Gone Fishin’ and Plant Lookin’ Part II
by Mary Jasch
Mothers Day 2013
“There’s nothing better than taking a momma fishing on Mothers Day. The only thing missing is we’re not getting liqoured up,” announces Lance as we trudge down the Paulinskill Trail next to the Paulins Kill in northwestern New Jersey.
I spy wild flowers on this half-mile walk on this defunct rail, now trail, to a favorite trout fishing spot on the banks of the river: patches of geranium, wild strawberries which immediately bring yummy memories, the beautiful but badly mannered hesperis plus common fleabane, yellow hawkweed, pink Tartarian bush honeysuckle and the exquisitely fragrant and nutrient-laden autumn olive.
Down the eroded embankment onto the floodplain, skunk cabbage - Nature’s “hosta” - and impatiens, viburnum and Virginia creeper against soft hemlock begin to soothe the spirit. In Nature, everything seems beautiful.
We stash our gear and I realize I’ve forgotten everything about fishing, so Lance puts a hook on the line, then a worm. Now I figure out how to cast. After several tosses, I remember it’s all wrist action. But I notice the plants such as sagittaria digging its roots into the river with pointed arrow-shaped leaves (reminiscent of tropical nepthytis) striking upward. Ducks eat them and people can too.
Lance caught and threw back two sunnies but no luck with trout so on to another of our favorite spots along the Paulins Kill we go. (That’s why it’s called “fishing,” not “catching.”)
Down the embankment we scramble to where the river bends and, being a meandering stream, has washed away soil leaving great holes to hop over. The only remaining soil clings to the root structures of trees.
It’s funny how Nature is the ultimate opportunist. These root-based micro-habitats grow veritable miniature gardens. Are they real fairy gardens? Here grow dark blue violets, bright yellow buttercups, sensitive fern, Nature’s hostas and viola! Solomon seal on the thickest greenest grass that would be the envy of any homeowner – all without chemicals. Plus you can peek through the holes at the river rolling under it all.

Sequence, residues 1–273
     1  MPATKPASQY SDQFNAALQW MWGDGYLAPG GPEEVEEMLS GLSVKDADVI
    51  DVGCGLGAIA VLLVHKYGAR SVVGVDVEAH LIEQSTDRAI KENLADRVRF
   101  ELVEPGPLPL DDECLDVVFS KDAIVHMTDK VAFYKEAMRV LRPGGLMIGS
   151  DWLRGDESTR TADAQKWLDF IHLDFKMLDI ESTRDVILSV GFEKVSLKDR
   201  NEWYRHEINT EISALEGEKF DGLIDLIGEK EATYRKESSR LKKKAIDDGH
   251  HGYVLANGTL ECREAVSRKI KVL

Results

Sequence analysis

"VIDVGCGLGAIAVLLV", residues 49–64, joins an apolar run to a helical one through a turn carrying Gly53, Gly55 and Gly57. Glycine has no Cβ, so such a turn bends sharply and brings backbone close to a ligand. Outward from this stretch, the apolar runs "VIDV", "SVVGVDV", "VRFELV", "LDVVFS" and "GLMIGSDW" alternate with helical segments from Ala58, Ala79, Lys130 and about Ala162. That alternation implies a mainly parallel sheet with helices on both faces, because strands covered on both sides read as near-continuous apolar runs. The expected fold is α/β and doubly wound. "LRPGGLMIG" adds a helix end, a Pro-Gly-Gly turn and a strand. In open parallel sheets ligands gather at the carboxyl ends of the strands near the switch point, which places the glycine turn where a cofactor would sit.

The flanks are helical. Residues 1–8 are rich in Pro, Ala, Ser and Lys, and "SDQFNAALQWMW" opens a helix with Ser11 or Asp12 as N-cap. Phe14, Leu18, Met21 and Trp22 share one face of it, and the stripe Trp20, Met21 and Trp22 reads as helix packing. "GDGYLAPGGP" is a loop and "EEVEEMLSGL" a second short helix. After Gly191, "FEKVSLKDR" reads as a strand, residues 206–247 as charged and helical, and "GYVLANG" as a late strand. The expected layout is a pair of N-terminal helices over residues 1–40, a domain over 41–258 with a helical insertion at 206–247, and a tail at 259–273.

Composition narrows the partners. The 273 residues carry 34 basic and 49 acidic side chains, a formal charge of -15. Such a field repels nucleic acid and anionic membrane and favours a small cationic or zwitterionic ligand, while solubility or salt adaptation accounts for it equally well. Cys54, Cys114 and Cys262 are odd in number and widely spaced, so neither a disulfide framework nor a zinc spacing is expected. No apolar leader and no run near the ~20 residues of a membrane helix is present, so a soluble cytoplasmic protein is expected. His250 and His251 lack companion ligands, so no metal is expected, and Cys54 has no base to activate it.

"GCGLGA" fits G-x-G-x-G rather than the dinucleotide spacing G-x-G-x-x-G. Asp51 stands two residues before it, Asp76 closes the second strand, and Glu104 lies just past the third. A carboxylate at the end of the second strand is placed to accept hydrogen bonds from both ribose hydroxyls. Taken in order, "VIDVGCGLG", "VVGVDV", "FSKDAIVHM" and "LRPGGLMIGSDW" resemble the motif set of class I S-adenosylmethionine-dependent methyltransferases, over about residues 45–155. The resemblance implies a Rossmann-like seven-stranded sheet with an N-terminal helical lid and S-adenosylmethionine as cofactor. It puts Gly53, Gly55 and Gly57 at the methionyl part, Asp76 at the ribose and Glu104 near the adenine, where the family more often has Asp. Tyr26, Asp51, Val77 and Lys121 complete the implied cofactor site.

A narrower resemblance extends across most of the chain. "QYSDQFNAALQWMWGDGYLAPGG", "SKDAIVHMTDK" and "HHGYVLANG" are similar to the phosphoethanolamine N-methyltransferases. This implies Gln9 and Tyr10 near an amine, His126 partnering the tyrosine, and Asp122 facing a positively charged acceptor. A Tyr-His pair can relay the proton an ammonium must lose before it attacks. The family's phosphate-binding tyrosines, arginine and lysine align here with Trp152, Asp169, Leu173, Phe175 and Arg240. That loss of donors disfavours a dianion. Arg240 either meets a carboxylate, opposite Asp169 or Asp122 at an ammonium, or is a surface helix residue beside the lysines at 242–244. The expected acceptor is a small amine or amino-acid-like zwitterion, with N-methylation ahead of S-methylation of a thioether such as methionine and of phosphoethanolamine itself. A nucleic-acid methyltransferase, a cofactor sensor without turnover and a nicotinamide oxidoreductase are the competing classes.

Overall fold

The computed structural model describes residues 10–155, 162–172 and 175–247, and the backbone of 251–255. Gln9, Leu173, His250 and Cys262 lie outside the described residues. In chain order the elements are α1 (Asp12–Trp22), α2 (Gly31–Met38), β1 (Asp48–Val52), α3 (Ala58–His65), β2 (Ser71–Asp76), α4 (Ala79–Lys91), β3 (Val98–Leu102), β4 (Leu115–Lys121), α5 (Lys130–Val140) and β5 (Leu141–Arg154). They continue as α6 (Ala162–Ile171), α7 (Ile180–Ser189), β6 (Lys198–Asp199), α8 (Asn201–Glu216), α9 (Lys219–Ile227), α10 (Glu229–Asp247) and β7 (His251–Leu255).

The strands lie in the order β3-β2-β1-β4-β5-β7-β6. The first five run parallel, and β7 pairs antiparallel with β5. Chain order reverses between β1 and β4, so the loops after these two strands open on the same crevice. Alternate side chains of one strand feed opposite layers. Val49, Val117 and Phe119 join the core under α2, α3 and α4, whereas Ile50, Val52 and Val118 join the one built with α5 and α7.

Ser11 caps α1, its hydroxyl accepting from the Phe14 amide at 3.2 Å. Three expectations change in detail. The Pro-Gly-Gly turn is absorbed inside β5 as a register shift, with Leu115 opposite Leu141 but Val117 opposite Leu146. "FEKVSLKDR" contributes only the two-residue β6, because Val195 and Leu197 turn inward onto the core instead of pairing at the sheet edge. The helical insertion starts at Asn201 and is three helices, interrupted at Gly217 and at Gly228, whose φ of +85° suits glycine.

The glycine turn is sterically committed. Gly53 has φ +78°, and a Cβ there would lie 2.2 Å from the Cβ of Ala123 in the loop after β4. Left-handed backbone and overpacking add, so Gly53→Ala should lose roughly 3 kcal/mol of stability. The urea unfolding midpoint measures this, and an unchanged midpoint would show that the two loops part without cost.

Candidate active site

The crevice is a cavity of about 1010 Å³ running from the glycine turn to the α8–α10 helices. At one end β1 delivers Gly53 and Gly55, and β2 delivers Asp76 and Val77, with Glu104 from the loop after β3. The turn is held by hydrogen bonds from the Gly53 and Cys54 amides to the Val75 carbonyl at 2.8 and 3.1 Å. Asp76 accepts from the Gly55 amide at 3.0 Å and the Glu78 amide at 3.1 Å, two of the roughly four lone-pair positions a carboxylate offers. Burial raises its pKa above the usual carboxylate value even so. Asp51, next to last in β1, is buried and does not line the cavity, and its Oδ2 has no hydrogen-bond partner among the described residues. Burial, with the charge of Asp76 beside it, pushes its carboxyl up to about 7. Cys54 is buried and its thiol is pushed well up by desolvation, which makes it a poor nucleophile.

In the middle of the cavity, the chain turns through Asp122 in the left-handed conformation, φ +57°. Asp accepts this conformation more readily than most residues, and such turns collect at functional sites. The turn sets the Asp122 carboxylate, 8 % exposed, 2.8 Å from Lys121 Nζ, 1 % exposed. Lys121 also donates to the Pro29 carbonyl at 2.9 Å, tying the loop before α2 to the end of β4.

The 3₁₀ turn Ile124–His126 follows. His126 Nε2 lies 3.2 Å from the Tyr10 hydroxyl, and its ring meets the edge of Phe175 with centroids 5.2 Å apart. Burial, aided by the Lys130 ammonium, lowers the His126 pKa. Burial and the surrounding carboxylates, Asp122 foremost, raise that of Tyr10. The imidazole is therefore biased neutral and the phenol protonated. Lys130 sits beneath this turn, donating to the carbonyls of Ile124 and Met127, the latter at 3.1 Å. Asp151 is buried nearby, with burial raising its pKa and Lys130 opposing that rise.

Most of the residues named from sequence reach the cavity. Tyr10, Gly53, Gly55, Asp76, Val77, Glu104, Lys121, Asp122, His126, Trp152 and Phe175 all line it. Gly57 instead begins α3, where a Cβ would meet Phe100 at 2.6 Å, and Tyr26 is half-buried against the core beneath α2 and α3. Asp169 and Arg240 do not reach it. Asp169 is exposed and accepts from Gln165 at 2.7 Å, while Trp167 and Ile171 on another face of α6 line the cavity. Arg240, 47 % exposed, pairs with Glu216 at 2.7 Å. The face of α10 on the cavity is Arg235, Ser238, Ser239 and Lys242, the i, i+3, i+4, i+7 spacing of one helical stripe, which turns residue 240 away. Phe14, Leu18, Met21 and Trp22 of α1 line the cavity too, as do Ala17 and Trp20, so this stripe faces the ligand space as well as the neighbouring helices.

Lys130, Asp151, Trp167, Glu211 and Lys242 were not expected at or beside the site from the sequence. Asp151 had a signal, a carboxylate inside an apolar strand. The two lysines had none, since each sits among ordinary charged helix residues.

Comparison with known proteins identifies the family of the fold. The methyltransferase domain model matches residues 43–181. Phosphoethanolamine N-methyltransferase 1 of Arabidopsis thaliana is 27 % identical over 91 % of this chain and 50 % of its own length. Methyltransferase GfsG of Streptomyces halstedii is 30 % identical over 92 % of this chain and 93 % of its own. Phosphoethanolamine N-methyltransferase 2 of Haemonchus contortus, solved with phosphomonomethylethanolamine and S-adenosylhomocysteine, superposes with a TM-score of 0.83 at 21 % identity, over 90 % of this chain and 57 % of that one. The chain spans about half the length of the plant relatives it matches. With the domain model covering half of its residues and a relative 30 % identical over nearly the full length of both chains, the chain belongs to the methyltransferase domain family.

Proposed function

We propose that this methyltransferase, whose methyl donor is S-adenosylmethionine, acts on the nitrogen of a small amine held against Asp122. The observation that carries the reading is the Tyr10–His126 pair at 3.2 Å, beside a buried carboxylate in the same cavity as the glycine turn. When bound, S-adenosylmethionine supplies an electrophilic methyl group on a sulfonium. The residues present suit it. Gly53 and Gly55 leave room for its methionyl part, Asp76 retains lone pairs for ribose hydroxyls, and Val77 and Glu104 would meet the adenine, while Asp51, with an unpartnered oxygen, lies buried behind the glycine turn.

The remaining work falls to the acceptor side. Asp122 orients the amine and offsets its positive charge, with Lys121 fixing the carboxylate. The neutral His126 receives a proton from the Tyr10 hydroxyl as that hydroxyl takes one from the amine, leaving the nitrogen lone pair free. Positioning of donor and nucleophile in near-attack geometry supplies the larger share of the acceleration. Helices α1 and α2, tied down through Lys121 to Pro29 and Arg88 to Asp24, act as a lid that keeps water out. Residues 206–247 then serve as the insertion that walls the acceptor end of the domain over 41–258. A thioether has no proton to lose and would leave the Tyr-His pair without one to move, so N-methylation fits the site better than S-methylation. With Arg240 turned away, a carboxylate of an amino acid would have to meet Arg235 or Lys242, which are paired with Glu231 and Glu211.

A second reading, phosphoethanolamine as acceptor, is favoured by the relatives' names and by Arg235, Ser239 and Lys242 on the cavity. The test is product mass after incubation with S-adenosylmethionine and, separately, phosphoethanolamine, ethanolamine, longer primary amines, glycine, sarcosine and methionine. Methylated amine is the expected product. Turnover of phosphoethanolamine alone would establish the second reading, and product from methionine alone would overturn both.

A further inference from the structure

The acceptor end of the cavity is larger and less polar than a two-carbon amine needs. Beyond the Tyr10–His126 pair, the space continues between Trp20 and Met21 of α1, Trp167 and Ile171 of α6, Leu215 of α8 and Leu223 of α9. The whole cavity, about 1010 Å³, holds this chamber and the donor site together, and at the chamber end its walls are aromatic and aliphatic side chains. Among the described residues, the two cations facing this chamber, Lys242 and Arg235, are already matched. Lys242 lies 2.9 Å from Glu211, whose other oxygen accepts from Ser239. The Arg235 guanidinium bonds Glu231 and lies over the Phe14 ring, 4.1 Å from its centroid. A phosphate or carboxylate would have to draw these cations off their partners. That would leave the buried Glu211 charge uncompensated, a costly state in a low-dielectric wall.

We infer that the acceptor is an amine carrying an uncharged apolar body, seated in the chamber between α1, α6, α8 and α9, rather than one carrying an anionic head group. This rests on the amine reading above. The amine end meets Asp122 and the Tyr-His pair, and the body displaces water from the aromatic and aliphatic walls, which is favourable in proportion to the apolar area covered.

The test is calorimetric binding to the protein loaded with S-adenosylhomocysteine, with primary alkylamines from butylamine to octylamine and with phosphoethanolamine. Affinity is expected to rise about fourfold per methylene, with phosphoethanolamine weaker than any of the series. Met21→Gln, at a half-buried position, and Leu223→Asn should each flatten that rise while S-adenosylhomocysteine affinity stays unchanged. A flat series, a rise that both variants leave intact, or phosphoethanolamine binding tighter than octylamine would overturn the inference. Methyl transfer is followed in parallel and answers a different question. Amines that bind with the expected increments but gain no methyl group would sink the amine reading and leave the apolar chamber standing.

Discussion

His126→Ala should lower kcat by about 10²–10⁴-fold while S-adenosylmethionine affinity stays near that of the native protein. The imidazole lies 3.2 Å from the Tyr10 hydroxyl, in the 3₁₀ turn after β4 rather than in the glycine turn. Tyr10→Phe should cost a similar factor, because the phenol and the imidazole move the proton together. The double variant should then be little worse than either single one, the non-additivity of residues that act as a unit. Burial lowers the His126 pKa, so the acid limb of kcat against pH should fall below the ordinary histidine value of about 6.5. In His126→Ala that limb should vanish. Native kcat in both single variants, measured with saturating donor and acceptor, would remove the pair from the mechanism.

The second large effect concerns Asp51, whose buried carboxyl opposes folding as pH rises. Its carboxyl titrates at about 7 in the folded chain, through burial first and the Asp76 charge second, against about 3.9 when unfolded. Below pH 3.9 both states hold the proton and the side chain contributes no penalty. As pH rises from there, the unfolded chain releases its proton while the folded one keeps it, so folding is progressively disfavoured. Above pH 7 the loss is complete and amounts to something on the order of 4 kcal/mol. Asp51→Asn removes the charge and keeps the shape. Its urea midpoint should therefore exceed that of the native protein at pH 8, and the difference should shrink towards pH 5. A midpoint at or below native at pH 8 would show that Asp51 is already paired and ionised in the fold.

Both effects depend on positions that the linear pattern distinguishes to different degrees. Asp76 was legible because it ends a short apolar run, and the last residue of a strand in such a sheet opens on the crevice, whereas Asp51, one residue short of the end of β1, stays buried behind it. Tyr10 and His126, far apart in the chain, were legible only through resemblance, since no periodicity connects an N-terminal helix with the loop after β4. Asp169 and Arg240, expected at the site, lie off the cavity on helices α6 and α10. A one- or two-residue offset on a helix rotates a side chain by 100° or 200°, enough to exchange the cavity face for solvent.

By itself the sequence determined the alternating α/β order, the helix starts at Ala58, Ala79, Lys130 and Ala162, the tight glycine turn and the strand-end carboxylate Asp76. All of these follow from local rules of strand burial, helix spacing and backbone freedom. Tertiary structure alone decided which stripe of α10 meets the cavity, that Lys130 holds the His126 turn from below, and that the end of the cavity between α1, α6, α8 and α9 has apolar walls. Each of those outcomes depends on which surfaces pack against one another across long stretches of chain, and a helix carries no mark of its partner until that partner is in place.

The floodplain here where the river bends is wide. Here on more solid ground iris, Sagittaria and grasses rise, while further from the river on slightly higher ground matted multiflora rose, box elder, bush honeysuckles galore – pink, yellow/white Morrow and white amur help form a shrub layer up to where the trees grow on yet higher ground along the trail’s embankment where the New York Susquehanna & Western Railroad once steamed and whistled through.
No fish here either but plenty of plants in their habitats. We head back up the trail and catch some yellow iris along the way.
Violet Viola papilionacea
May apple Podophyllum peltatum
Yellow hawkweed Hieracium pratensis
Buttercup Ranunculus acris bn
Sensitive fern Onoclea sensibilis
Smooth Solomon’s Seal Polygonatum biflorum
Multiflora rose Rosa multiflora
Skunk cabbage Symplocarpus foetidus
Box elder Acer negundo
Tartarian honeysuckle Lonicera tatarica
Morrow’s bush honeysuckle Lonicera morrowii
Amur bush honeysuckle Lonicera maackii
Wild Geranium Geranium maculatum
Wild strawberries Fragaria virginiana
Dame’s rocket Hesperis matronalis
Common fleabane Erigeron philadelphicus
Autumn olive Elaeagnus umbellate
Wild impatiens / jewelweed Impatiens biflora
Nannyberry Viburnum lentago
Virginia creeper Parthenocissus quinquefolia
Hemlock Tsuga canadensis
Duck potato Sagittaria latifolia
Yellow iris Iris pseudacorus
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published May 19, 2013